Prawn-Artichoke Pasta: Cook 240g linguine al dente. Sauté 1 chopped onion, 1 crushed garlic clove in 2tbs olive oil, about 5mins. Remove to bowl. To the pan drippings add…1-1/4c artichoke hearts (or fresh artichokes*), 1/2c dry white wine, 2tbs lemon juice, 2tsp lemon zest, salt, pepper and cooked onion. Heat over high heat; reduce to simmer, covered, 4-5mins. Toss with the pasta and chopped parsley. *If using fresh artichokes rather than canned; Trim and halve lengthwise about 10 baby artichokes with stems; discard outer tough leaves. Put artichokes, 2tbs lemon juice and 6c water in saucepan; bring to boil; reduce heat; simmer until crisp-tender, about 5mins. Heat grill pan over high heat; place chokes cut side down on grill pan; cook 6mins per side.  You could also add sun-dried tomatoes to pasta, if desired. 

Thursday, September 04, 2014


My late father-in-law...Lloyd George taken the day Randall, his eldest son and I married.
Randall and I, on our wedding day...and me with Father's mother
Again...on our wedding day...I said in my previous post I wasn't into the "normal white wedding dresses". We got married in denim

Father & Mother at our house in Sunshine Beach circa 1981

A Christmas lunch with family & friends at our house at Coolum. Father is in the navy & white striped shirt. Circa 1984

A Decadently, Delicious Paris-Brest

Prawn & Mango Salad

Father's Day Down Under....7th September, 2014

Come around Father’s Day…no…that’s not an invitation! What I mean is – when Father’s Day comes around I’ve rarely, if ever, written about the celebration honouring fathers. Usually, to be honest, nothing is farthermost from my mind. Put simply, I forget.  In no way is it my intention to offend.   

You see, I never knew my father. I grew up in a fatherless household. When I was still a wee baby my parents were confronted by a number of insurmountable hurdles and a few fathomless potholes; all of which caused them to part. They went their separate ways and, in due course, divorced. As often mentioned, my older brother and I were raised by two good women, our mother and our Nana; therefore, we had no reason to celebrate Father’s Day. Father’s Day came and went without fanfare throughout my childhood and beyond.  I never gave it a second thought until I married my ex (who wasn’t my ex when we married).

My father-in-law, Lloyd George, was a wonderful man. That’s correct – his name was Lloyd George. He wasn’t the British Liberal politician and statesman, but he could very well have been.  A fine man he was; as fine a man I’ve yet to meet; a gentle man and a gentleman.  I never heard a bad word said about him; nor did I ever hear him utter a bad word towards anyone else. I called him “Father”, not “Dad”. Brought up in the era I was I could never have referred to him by his Christian name, even though on the day I married Randall, his eldest son, he asked me to do so. Up until then I’d always called him “Mr. George”. Switching to “Lloyd” wouldn’t have sat comfortably with me. For me to do so would’ve felt disrespectful. When, instead, I christened him “Father”, his eyes twinkled and his face bore a proud smile. He liked it. The title suited him.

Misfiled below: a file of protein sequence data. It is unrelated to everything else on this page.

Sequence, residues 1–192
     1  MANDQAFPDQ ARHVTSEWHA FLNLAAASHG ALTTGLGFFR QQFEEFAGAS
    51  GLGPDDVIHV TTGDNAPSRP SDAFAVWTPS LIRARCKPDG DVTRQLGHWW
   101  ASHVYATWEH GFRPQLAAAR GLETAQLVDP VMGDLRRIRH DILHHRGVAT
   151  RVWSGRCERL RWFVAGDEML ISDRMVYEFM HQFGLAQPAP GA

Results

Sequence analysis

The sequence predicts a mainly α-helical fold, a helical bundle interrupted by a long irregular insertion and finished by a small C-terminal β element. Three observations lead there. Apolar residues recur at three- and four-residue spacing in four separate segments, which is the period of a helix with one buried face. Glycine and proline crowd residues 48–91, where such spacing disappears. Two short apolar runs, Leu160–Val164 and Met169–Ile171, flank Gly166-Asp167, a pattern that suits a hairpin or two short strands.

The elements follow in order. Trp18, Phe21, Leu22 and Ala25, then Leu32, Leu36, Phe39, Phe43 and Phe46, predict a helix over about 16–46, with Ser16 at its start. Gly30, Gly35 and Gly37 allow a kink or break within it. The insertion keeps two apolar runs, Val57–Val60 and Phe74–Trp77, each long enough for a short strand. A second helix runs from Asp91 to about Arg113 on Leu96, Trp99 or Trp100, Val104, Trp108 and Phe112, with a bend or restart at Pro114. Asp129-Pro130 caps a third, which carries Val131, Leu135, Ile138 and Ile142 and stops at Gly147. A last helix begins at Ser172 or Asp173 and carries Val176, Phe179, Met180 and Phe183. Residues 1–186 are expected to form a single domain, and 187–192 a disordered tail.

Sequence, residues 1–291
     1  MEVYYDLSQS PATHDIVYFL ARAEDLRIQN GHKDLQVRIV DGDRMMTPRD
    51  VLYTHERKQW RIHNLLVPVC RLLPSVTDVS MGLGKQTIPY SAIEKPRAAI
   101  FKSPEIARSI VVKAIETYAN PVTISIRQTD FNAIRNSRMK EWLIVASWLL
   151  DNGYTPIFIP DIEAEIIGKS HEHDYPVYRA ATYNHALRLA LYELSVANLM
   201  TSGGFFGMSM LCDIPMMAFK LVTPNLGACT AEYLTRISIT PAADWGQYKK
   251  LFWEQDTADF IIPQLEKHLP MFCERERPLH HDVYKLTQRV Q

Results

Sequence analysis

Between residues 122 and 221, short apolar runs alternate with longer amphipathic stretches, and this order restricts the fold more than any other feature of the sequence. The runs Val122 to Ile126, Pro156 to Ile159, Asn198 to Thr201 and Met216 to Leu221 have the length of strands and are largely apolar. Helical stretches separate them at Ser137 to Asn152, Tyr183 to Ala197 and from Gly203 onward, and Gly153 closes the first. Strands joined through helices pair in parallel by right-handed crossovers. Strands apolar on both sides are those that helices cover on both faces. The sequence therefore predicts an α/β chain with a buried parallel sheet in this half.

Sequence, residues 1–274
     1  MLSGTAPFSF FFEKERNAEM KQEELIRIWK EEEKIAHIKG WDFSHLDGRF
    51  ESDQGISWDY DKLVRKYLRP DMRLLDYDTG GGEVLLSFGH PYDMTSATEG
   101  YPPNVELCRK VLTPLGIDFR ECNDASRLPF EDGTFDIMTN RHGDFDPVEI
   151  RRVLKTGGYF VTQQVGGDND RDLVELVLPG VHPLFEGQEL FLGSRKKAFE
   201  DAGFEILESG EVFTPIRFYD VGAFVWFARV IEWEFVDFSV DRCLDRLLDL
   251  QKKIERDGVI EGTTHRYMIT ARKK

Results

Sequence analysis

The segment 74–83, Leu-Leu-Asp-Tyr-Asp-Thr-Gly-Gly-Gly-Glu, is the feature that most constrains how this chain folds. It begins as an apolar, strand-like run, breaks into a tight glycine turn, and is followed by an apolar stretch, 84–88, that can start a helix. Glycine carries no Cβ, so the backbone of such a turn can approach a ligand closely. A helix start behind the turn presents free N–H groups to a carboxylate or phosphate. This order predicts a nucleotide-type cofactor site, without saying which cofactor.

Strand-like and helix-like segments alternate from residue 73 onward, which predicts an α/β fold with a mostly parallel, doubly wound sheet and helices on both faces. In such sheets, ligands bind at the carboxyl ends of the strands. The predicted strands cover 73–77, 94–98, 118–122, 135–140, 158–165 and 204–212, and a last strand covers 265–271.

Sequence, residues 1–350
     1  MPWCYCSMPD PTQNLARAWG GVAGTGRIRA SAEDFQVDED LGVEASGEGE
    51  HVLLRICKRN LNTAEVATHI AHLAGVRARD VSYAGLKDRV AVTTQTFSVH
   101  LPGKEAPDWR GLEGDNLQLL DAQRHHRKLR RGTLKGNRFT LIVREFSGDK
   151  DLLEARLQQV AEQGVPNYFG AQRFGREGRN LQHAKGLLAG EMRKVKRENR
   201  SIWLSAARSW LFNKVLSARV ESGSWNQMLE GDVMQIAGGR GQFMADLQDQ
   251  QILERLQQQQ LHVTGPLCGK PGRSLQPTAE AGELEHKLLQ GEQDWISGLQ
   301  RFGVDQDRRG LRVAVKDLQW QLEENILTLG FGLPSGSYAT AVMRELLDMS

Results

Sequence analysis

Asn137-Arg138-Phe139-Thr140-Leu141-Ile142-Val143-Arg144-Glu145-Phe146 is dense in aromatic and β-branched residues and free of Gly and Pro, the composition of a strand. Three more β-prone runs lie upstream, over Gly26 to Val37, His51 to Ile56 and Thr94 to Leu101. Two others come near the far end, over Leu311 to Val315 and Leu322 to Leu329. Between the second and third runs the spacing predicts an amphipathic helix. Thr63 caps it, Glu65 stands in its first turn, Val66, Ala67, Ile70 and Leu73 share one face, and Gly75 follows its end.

At the same time, I also christened Randall’s Mum, “Mother”…again for the same reasons given above.                                                                   

Randall and I were married by a Marriage Celebrant in Father and Mother's home...on a Sunday afternoon - 21st March, 1976.  It was a very relaxed, leisurely event. After the ceremony a party ensued outside on their back deck and garden, shared with immediate family and a few close friends .  It was a fun afternoon.

Father also liked his sweets.  No…he loved his sweets! 

Every birthday, Christmas and Father’s Day amongst our gifts to him, without fail, we included a box of dark chocolate-covered ginger.  To see his face light up in child-like pleasure was thanks enough; include a packet of Licorice Allsorts in his presents on Christmas Day and he out-shone the lights on the Christmas tree!

I’ll never forget one particular Father’s Day lunch we held for him when we lived at Sunshine Beach.   

Around the corner from our home was a French patisserie. Father’s special treat that Father’s Day was a delicious Paris-Brest, the celebrated French pastry dessert. The dinner plate-sized circular, wreath-like shape of choux pastry is filled with praline-flavoured cream; sprinkled with icing sugar; sometimes also topped with toasted flaked almonds. If it had been night when his eyes fell upon the decadent dessert, forget the Christmas tree lights, Father’s face would’ve lit up the sky brighter than a floodlight could ever have done.

Many enjoyable lunches and dinners, followed by spirited games of Bolivia or 500, were shared with my father and mother-in-law; either at their home or ours. After a while, Father and I became partners in the card battles, and continued being so - never the twain would be separated thereafter.  

Our card games were played more peacefully with he and I partnering  we soon discovered. In secret consultation Randall and I decided it was better that way than when Father and Mother partnered against he and me…less the “War of the Roses”. Father, as my card partner and not Mother’s suffered no reprimands when he made a thoughtless move; or didn’t make a move I thought he should have.  I kept my thoughts to myself; a smile on my face and took another sip of Bundy rum and Coke.